‘Start Codons’ in DNA and RNA May Be More Numerous Than Previously Thought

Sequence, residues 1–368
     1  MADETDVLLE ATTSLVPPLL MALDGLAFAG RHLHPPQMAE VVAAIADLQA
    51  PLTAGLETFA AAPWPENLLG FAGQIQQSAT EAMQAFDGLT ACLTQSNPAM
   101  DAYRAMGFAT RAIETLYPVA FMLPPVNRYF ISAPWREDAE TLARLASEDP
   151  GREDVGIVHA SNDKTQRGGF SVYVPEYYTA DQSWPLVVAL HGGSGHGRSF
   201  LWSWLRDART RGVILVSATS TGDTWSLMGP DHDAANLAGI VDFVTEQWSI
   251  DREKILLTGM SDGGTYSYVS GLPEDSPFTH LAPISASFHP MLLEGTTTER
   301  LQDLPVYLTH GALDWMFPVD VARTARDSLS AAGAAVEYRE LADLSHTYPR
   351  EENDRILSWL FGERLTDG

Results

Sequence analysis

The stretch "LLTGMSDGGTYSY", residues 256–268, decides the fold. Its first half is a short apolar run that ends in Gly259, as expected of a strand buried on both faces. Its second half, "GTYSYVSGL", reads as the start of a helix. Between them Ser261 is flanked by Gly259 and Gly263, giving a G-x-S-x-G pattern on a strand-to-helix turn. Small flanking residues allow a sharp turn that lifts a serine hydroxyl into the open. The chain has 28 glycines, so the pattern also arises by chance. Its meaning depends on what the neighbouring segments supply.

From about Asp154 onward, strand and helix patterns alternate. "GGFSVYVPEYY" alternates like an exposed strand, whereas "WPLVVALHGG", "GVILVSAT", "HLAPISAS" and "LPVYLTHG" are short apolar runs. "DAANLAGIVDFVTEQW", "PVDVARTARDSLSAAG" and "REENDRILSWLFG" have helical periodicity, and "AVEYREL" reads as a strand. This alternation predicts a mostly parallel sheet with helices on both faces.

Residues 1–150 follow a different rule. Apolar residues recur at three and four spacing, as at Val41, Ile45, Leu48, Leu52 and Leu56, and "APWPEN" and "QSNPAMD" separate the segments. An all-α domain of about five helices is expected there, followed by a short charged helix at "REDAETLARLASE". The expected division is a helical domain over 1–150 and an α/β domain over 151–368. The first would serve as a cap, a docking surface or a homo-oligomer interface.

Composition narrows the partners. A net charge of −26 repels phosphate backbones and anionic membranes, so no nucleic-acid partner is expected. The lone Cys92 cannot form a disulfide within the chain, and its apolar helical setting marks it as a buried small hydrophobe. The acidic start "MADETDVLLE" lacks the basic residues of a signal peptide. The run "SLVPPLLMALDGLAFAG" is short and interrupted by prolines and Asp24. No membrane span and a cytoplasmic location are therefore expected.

For decades, scientists working with genetic material have labored with a few basic rules in mind. To start, DNA is transcribed into messenger RNA (mRNA), and mRNA is translated into proteins, which are essential for almost all biological functions. A central principle regarding translation has long held that only a small number of three-letter sequences in mRNA, known as start codons, could trigger the production of proteins. But researchers might need to revisit and possibly rewrite this rule, after recent measurements from a team including scientists from the National Institute of Standards and Technology (NIST)

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